It isn’t easy raising two infants, especially when they age too fast. But that’s not the only thing bothering the Vision as he begins to notice not only cracks in his world’s facade but also that Wanda doesn’t seem to be as worried about them as he is. As much as he seeks answers as to what is outside their town, Wanda seems to be adamant about keeping it out.
And on the outside… Darcy, Jimmy and Monica find themselves at odds with the scale of intervention that SWORD’s Director Tyler Hayward has decided to implement. Will their discoveries about the changes within West View help solve the problem or merely add more questions?
And they better act quickly, because a silver-haired new arrival is about to cause confusion of multiple levels…
There’s a lot to unpack in the latest episode of WandaVision, the first episode that balances the events inside and outside the West View bubble fairly equally and also very successfully. But it also underlines that this is very much a love-letter series for the die-hard Marvel fan… it’s twisty-and-turny enough for the most loyal viewer to be perplexed and it would be nigh on impossible and perhaps too much effort for a more casual viewer to appreciate the references, character-connections and sheer scale of ambition in its layering. Seek out some of the videos online examining ‘easter-eggs’ in the show and what might have sounded ridiculous for other shows fits all too well here – even minor imagery, words, repeated concepts etc seem all too plausible to be accidental, though it’s hard to tell if these are genuinely fishy or just red (scarlet ?) herrings.
We’re now into a ‘something for everyone’ phase of the story and it’s a tribute to the structure (which, as we’ve noted, has it’s pros and cons) that it is still impossible to know exactly where the show is going and how much is active misdirection.
Olsen plays Wanda very differently in different scenes. Though we now believe that she’s the instigator of the reality-switch rather than its victim, we see moments when she’s in complete and assured control (such as her confrontation with SWORD outside the town’s shielding) and yet seemingly still a little confused about her situation during several sitcom moments. We now know she stole Vision’s body and appears to have reanimated it – ewwwww – in a moment of grief that she’s continuing to play out, but is she the ‘big bad’ here or is something else going on? One other thing is the subtle change in her accent. Between Avengers movies, Olsen dropped Wanda’s original ‘Sokovian’ accent with the explanation being she’s assimilated into western culture… but here it makes a slight return, almost as if she was reverting to an earlier period – just as the faux-commercials reflect aspects of Maximoff’s troubled past. We already knew that Paul Bettany was a great actor but his portrayal of the troubled Vision (and his growing unease / discovery that he and the world around him is being manipulated by the person he loves) works really well. We know that we’ve only seen the beginning of that confrontation, but it’s clearly about to escalate.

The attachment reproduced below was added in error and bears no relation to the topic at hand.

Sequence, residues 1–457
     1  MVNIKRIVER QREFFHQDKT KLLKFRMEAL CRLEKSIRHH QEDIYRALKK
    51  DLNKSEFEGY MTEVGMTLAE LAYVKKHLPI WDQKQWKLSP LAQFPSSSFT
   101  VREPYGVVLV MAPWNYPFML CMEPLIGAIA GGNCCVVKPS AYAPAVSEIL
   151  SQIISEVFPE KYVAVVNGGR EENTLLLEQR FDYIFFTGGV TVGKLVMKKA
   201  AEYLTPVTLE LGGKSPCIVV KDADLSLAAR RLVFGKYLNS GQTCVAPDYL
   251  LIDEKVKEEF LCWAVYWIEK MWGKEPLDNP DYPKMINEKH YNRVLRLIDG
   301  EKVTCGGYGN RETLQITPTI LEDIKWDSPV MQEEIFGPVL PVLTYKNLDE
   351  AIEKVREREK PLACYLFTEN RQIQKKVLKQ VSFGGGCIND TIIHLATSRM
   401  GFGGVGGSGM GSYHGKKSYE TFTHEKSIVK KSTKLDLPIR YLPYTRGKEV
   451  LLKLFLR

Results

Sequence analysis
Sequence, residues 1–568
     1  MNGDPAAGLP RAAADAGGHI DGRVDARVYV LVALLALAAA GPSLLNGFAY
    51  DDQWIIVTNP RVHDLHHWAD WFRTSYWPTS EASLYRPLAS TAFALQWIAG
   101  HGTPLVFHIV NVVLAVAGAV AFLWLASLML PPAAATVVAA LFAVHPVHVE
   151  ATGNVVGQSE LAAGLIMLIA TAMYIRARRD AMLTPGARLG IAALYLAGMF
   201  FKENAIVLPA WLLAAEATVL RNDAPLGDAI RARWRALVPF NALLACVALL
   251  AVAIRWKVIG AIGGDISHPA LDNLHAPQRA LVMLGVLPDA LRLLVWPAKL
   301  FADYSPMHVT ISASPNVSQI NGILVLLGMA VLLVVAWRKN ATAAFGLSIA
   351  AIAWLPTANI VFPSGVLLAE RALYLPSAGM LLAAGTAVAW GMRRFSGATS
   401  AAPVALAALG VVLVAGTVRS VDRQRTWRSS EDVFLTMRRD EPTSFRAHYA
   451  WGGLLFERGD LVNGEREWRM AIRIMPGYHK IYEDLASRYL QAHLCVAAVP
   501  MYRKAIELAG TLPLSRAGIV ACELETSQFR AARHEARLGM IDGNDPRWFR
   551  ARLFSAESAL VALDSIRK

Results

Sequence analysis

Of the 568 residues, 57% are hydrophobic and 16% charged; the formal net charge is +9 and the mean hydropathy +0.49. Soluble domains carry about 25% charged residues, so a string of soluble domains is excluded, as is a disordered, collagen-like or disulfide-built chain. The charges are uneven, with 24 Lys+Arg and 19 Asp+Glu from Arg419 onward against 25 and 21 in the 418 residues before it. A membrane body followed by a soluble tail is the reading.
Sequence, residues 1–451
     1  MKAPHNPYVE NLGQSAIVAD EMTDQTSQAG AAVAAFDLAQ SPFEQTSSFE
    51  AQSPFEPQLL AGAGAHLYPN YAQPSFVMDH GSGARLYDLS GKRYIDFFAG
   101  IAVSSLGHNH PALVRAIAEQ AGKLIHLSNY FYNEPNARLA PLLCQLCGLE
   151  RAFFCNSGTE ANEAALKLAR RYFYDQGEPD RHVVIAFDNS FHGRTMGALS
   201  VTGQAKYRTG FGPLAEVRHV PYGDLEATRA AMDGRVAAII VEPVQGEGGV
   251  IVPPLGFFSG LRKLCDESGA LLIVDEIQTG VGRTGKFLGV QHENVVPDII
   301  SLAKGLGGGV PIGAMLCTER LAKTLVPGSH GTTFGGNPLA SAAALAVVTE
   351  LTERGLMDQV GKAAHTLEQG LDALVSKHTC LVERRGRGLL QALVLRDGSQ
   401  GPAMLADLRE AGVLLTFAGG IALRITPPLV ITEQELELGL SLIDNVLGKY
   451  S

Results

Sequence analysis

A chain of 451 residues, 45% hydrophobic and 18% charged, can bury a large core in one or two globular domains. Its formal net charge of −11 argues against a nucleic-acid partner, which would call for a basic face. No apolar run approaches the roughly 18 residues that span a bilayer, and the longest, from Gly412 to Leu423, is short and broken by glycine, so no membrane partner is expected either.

Kathryn Marie Hahn continues to sparkle as Agnes (who may or may not be a version of the comics’ Agatha Harkness), Teyonah Parris as Monica Rambeau continues to be a huge asset and Kat Dennings and Randall Park ( as Darcy Lewis and Jimmy Woo respectively) continue to push for an X-Files-type MCU series of their own.
Of course, the main talking point will be the visitor at the door in the closing moments of this sixth episode. While not being the biggest surprise to those who might have seen spoilers about upcoming casting on the internet, many a fan’s head will have exploded at the sheer implications. For the very few who don’t get the sleight of hand here: it’s not just that Pietro/Quicksilver is apparently making an appearance after the character was killed in Avengers: Age of Ultron (a fact already acknowledged by the show), it’s that the character isn’t being played by Aaron Taylor-Johnson but by Evan Peters. Peters played Pietro in the X-Men movies during a time when Marvel Studios and Twentieth Century Fox had strict dividing lines and rights issues about which studio could use which characters. Fox could use X-Men characters from the comics but not Avengers characters from the comics and the reverse was true for Marvel Studios. The catch came that Pietro had ties to both comic subsections and ended up appearing almost simultaneously for both studios in very different interpretations. So how is it remotely possible that it’s the Evans’ version and not Taylor-Johnson’s version we have making his entrance? Of course, it’s possible that it’s just an in-joke (a ala Darcy’s quip about Wanda ‘recasting’ the role), but as much as a multilevel twist of soap-opera proportions in delivery, it feels like a mission statement and course correction rather than just a cliffhanger excuse for a throwaway punchline. Given that Wanda will be involved in the second Doctor Strange film ( In the Multiverse of Madness), it does feel like some connective tissue and sinew is being established in that direction already.
Previous Marvel-related shows were often good, but they had to work at arms-length from the movies, almost apologising when they paid more than lip-service to big-screen action (think ABC‘s Marvel’s Agents of SHIELD). This first entry in the much-closer working relationship between all arms of the Marvel/Disney empire has no such qualms – everything is connected. After an interesting start and a problematic slower momentum, WandaVision may now be both playing to the strengths of the MCU to date and yet laying out the groundwork for something totally new…
- Production Design / VFX9